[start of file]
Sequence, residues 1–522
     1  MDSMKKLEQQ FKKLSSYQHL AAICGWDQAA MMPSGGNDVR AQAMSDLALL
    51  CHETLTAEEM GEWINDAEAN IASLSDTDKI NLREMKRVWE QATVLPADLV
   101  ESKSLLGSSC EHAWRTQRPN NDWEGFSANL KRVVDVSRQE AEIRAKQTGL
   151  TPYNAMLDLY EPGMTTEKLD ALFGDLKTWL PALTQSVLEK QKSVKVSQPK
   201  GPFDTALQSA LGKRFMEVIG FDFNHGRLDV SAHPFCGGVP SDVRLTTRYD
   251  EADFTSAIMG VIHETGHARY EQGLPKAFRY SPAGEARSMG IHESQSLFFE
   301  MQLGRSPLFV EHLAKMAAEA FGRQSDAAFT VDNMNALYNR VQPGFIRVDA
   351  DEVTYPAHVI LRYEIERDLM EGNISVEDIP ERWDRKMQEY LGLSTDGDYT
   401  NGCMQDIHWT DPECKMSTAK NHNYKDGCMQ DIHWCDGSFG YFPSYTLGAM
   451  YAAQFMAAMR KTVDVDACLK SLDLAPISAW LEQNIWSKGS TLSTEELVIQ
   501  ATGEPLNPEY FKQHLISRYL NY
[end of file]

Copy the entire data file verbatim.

Sequence, residues 1–522
     1  MDSMKKLEQQ FKKLSSYQHL AAICGWDQAA MMPSGGNDVR AQAMSDLALL
    51  CHETLTAEEM GEWINDAEAN IASLSDTDKI NLREMKRVWE QATVLPADLV
   101  ESKSLLGSSC EHAWRTQRPN NDWEGFSANL KRVVDVSRQE AEIRAKQTGL
   151  TPYNAMLDLY EPGMTTEKLD ALFGDLKTWL PALTQSVLEK QKSVKVSQPK
   201  GPFDTALQSA LGKRFMEVIG FDFNHGRLDV SAHPFCGGVP SDVRLTTRYD
   251  EADFTSAIMG VIHETGHARY EQGLPKAFRY SPAGEARSMG IHESQSLFFE
   301  MQLGRSPLFV EHLAKMAAEA FGRQSDAAFT VDNMNALYNR VQPGFIRVDA
   351  DEVTYPAHVI LRYEIERDLM EGNISVEDIP ERWDRKMQEY LGLSTDGDYT
   401  NGCMQDIHWT DPECKMSTAK NHNYKDGCMQ DIHWCDGSFG YFPSYTLGAM
   451  YAAQFMAAMR KTVDVDACLK SLDLAPISAW LEQNIWSKGS TLSTEELVIQ
   501  ATGEPLNPEY FKQHLISRYL NY